Perhaps the deepest connection between the music of Jill Hennessy and the spirit of Buddy Holly lies in the heart of Texas, home to Holly’s Lubbock birthplace and Austin’s legendary Bismeaux Studio, a state-of-the-art facility that’s played host to recordings by a variety of artists including Asleep At The Wheel, the Chieftains, Trace Adkins, Pam Tillis and Sir George Martin, among many others.
“When I began writing these songs, the floodgates opened to my whole life,” says singer-songwriter Jill Hennessy on the eve of the release of Ghost In My Head, a revelatory debut album offering a series of intimate emotional vignettes spun with indelibly fluid melodies and her poignant musical reflections on love, loss, struggle and redemption. “It’s the embodiment of a lifetime of work.”
Helping Jill create the haunting ambience radiating throughout Ghost In My Head is Grammy-winning Irish producer Patrick McCarthy; an engineer on The Joshua Tree around the time that Jill was buying the songbook, McCarthy has worked on records by R.E.M., the Waterboys, Counting Crows, U2, Madonna and others.
Jill — who sings lead and background vocals and plays rhythm (acoustic and electric) guitar on Ghost In My Head — assembled a core ensemble of incredibly simpatico musicians for the album (as well as for her live performances): Robbie Gjersoe, lead guitar (the Flatlanders, Jimmie Dale Gilmore); Brian Standefer, cello (Alejandro Escovedo, James McMurtry); Bukka Allen, accordion, keyboards (Terry Allen, the Flatlanders, the BoDeans); Glenn Fukunaga, bass (Jo Carol Pierce, Los Super Seven); and Rob Affuso, drums (Skid Row).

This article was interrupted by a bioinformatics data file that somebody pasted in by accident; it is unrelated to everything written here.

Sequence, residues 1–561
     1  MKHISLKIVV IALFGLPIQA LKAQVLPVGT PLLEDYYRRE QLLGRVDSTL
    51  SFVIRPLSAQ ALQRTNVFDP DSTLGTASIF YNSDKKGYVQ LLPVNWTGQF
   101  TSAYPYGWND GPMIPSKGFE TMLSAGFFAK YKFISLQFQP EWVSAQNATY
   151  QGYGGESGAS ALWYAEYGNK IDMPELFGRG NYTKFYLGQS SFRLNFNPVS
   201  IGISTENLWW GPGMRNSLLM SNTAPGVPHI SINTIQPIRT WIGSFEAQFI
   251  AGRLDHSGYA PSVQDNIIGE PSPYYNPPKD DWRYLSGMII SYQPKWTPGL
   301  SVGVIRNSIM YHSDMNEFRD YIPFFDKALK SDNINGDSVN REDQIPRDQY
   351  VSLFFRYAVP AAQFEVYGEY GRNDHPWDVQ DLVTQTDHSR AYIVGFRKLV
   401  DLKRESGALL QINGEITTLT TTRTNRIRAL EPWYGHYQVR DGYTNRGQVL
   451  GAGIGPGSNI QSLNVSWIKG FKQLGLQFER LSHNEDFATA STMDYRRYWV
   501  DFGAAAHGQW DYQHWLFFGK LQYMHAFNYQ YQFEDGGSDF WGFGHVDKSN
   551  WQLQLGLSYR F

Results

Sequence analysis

Guest artists joining Jill and her band on the album are R.E.M.’s Mike Mills, the Dixie Chicks’ Martie Maguire (fiddle on “Holding On”) and husband Gareth Maguire (tin whistle on “Holding On”), and the mythic Texas country pedal-steel player/multi-instrumentalist/producer Lloyd Maines. Also joining Jill on Ghost In My Head are her husband Paolo Mastropietro and their oldest son Marco.